In view of Beijing’s ascendance, it is entirely reasonable for American policymakers to seek to devote new diplomatic, economic, and military resources to the challenge. In nearly every case, however, such additional engagement comes at the price of less attention to another area or region. In identifying resources that might be drawn on, policymakers should be able to demonstrate that the benefits of doing more in China and the Indo-Pacific outweigh the likely costs of doing less elsewhere. And when the calculation suggests that a shift in priorities is warranted, such a decision should be made with as much specificity as possible—on the basis of a particular set of policy tools or military deployments—rather than on the abstract basis that doing more is better.
Consider the U.S. push in 2020 to move some of the roughly 5,000 U.S. troops stationed in Africa to the Indo-Pacific region. Such a move was fully consistent with a “China first” approach and with the Trump administration’s emphasis on great-power competition. And yet U.S. support—including intelligence and reconnaissance assets—was critical to French security operations in the Sahel. It is highly unlikely that the benefits of a modestly increased presence in the Indo-Pacific are worth the pullback from a major front in Western counterterrorism efforts.
The U.S. increasingly resembles a regional power unable to pursue multiple interests.
The U.S. withdrawal from Afghanistan provides another example. The roughly 2,500 U.S. troops in Afghanistan during the Biden presidency will make little impact on the Indo-Pacific balance of power, even if all are eventually redeployed east. But in Afghanistan they made the difference between a democratic government and Taliban rule. The U.S. withdrawal, undertaken partly in the name of refocusing on China, seems likely to leave a significantly heightened terrorist threat in its wake. Defending Asia against Chinese hegemony is important, but protecting Americans against terrorist attacks is critical as well.
The second reason for maintaining balance in U.S. foreign policy goes to the heart of the U.S.-Chinese rivalry itself. Beijing sees the United States and Europe as two power centers rather than one allied bloc and has long sought to drive wedges into the transatlantic relationship. But the United States can effectively compete with China only alongside partners—not just in Asia but in Europe as well. The concept of a transatlantic division of labor, in which Europe tends to its continent and the Middle East, freeing up the United States to focus on the Indo-Pacific, is untenable in the long run. China needs to understand that the United States and its allies are united in countering its economic and military pressure, and both Europe and the Middle East require U.S. leadership to provide effective long-term stability. Setting priorities is important and even necessary. But without balance they can do more harm than good.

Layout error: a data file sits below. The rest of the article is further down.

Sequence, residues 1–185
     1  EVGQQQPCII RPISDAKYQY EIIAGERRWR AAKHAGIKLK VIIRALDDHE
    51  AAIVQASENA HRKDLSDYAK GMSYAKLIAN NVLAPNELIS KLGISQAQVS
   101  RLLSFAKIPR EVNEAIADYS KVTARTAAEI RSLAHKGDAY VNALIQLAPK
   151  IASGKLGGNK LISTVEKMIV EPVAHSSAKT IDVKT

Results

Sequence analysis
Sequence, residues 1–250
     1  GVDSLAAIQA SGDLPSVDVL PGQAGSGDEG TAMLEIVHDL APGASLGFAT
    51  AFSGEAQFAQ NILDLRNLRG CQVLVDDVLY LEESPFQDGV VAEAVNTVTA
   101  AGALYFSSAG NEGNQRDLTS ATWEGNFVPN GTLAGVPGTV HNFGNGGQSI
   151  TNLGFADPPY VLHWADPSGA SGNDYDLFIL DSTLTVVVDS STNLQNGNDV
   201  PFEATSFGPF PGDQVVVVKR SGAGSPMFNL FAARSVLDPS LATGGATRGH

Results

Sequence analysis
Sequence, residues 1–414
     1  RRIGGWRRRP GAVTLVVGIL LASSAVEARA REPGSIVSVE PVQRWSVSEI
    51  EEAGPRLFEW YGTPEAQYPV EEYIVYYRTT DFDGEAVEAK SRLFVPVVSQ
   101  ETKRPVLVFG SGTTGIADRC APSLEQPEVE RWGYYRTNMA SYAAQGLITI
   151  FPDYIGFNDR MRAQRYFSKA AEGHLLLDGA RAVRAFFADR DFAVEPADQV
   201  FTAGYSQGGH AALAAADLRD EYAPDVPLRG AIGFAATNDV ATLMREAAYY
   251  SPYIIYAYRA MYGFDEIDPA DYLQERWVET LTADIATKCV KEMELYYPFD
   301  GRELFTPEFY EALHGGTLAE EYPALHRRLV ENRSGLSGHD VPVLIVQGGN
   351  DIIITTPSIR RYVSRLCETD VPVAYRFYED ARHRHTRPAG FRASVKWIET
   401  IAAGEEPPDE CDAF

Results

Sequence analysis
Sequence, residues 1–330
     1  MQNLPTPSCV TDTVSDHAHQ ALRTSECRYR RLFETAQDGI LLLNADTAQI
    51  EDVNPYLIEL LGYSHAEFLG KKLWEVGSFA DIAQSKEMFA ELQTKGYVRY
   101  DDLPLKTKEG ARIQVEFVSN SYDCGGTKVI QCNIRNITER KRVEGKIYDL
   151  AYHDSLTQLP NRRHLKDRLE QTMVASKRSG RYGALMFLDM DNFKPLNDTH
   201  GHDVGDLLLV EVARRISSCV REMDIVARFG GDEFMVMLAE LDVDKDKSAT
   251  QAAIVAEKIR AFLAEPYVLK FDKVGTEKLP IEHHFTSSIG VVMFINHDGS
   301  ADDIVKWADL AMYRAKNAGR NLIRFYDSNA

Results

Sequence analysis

At the same time, renewing U.S. engagement with allies can itself help shift priorities. U.S. policymakers, for example, should welcome Europe’s growing response to China, including the EU’s recently issued regional strategy based on a “free and open Indo-Pacific,” France’s freedom-of-navigation exercises in the South China Sea, and the United Kingdom’s “tilt” to Asia. Rather than minimizing the benefits of these efforts, Washington should encourage more of them—and reassure Europeans that the United States will remain committed to their neighborhood as well.
Finally, U.S. policymakers would do well to keep the China problem in perspective. China may appear to many in Washington today as the most profound national security challenge facing the United States, one that evades easy solutions and is likely to endure far into the future. Yet in its attention to China, the United States risks overlooking acute threats in other parts of the world. As former Secretary of Defense Robert Gates has said, “In the 40 years since Vietnam, we have a perfect record in predicting where we will use military force next. We’ve never once gotten it right.” Modesty about our own capacity to predict the next threat is yet another reason to maintain a U.S. national security presence in multiple regions and issues simultaneously.
There is a deep irony in Washington’s singular focus on China today. Rather than a global power, the United States increasingly resembles a regional power that is unable to pursue multiple interests at once. At the very moment that China aspires to global influence, the United States appears to be backing away from the global stage to devote itself to the Indo-Pacific above all other regions. Only by balancing the Chinese threat with its interests in other regions and issues can the United States effectively contest Chinese power—and strengthen its own position in the world.